Egyptologists such as Wolfgang Helck, Nicolas Grimal, Hermann Alexander Schlögl and Francesco Tiradritti believe that king Nynetjer, the third ruler of 2nd dynasty and a predecessor of Peribsen, left a realm that was suffering from an overly complex state administration and that Nynetjer decided to split Egypt to leave it to his two sons (or, at least, two chosen successors) who would rule two separate kingdoms, in the hope that the two rulers could better administer the states. Russian egyptologist Dimitri B. Proussakov points to the notations at the famous Palermo stone concerning the year events of king Nynetjer. From the 12th year event onward, the regular event "The king of Upper- and Lower Egypt appears" is now suddenly called "The king of Lower Egypt appears". Proussakov sees this as a strong indication that Nynetjer's power over egypt had started to shrink. Egyptologists compare the situation to that of king Qa'a, one of the last rulers of the 1st dynasty. When Qa'a died, some obscure rulers appeared and struggled for the throne of Egypt. The struggles peaked in the plundering of the royal cemetery of Abydos, whereupon the cemetery was abandoned and Saqqara became the new burial site for kings. The throne fightings were ended by king Hotepsekhemwy, the founder of the 2nd dynasty.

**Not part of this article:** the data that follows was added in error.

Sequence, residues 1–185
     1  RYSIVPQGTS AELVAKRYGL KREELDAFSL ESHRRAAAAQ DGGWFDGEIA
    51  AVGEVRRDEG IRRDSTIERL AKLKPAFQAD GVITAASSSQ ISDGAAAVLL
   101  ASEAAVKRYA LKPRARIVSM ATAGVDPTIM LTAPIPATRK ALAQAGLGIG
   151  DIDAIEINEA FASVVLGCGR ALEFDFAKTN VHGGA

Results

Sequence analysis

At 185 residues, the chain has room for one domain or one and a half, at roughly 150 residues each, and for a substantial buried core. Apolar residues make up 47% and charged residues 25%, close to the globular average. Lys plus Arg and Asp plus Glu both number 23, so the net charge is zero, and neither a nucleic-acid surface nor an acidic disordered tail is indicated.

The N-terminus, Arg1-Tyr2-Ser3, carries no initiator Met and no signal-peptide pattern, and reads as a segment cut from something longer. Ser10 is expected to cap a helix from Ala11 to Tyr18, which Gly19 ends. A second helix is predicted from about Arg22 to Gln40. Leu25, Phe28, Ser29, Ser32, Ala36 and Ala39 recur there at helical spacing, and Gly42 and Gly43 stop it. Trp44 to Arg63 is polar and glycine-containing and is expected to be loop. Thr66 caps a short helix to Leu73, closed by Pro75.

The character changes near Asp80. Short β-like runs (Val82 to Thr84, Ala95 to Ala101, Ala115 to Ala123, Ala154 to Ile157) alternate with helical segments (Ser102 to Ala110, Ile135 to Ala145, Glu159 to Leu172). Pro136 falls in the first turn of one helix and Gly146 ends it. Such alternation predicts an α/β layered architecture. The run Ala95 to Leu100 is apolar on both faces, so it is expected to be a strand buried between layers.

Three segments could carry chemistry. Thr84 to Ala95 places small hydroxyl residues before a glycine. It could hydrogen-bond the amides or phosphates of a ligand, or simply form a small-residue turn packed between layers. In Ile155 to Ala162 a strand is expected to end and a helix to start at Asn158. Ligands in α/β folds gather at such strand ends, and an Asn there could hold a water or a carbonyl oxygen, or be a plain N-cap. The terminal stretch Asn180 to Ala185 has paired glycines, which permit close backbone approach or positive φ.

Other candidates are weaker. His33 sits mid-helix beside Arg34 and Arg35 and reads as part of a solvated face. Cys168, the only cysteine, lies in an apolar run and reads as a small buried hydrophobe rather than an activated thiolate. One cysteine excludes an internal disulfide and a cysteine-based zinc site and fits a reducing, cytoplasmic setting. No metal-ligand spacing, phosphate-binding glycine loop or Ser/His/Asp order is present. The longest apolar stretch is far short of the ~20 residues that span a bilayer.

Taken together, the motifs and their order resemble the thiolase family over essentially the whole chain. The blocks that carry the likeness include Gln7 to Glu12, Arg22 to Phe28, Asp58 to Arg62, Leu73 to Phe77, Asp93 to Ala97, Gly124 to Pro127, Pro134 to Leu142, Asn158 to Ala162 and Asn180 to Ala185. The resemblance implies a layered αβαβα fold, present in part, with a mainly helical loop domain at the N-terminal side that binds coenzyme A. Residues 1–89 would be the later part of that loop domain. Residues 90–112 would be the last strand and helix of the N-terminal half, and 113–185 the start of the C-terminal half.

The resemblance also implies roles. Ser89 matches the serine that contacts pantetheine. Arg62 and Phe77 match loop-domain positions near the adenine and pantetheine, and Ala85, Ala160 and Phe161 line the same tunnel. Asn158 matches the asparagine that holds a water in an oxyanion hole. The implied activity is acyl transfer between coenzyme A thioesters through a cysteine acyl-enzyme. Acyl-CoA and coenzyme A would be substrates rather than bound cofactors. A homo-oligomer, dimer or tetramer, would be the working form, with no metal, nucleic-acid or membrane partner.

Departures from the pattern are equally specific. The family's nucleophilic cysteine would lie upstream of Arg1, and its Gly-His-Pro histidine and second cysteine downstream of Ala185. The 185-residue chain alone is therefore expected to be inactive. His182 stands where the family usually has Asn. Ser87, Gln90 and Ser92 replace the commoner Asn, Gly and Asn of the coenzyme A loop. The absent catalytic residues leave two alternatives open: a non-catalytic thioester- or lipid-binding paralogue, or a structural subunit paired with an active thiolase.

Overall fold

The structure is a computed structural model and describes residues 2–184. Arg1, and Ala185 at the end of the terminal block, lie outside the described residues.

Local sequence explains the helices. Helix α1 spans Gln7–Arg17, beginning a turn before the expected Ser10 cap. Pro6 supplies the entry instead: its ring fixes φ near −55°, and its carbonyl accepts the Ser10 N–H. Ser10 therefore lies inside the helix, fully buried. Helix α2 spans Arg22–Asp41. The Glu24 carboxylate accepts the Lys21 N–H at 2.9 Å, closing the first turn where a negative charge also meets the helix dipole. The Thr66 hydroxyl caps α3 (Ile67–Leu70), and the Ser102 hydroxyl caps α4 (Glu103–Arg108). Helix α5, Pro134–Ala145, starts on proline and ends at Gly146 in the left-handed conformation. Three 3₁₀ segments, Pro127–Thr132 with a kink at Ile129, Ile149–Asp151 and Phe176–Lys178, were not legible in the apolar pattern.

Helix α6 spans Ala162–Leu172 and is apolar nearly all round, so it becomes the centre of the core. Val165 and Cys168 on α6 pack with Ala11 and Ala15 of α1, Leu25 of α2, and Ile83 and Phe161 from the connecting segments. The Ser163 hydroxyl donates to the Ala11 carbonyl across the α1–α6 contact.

In contrast, Egyptologists such as Barbara Bell believe that a economic catastrophe such as a famine or a long lasting drought affected Egypt. Therefore, to better address the problem of feeding the Egyptian population, Nynetjer split the realm into two and his successors founded two independent realms, until the famine came to an end. Bell points to the inscriptions of the Palermo stone, where, in her opinion, the records of the annual Nile floods show constantly low levels during this period. Bell´s theory is refuted today by Egyptologists such as Stephan Seidlmayer, who corrected Bell´s calculations. Seidlmayer has shown that the annual Nile floods were at usual levels at Nynetjer´s time up to the period of the Old Kingdom. Bell had overlooked that the heights of the Nile floods in the Palermo stone inscription only takes into account the measurements of the nilometers around Memphis, but not elsewhere along the river. Any long-lasting drought can therefore be excluded.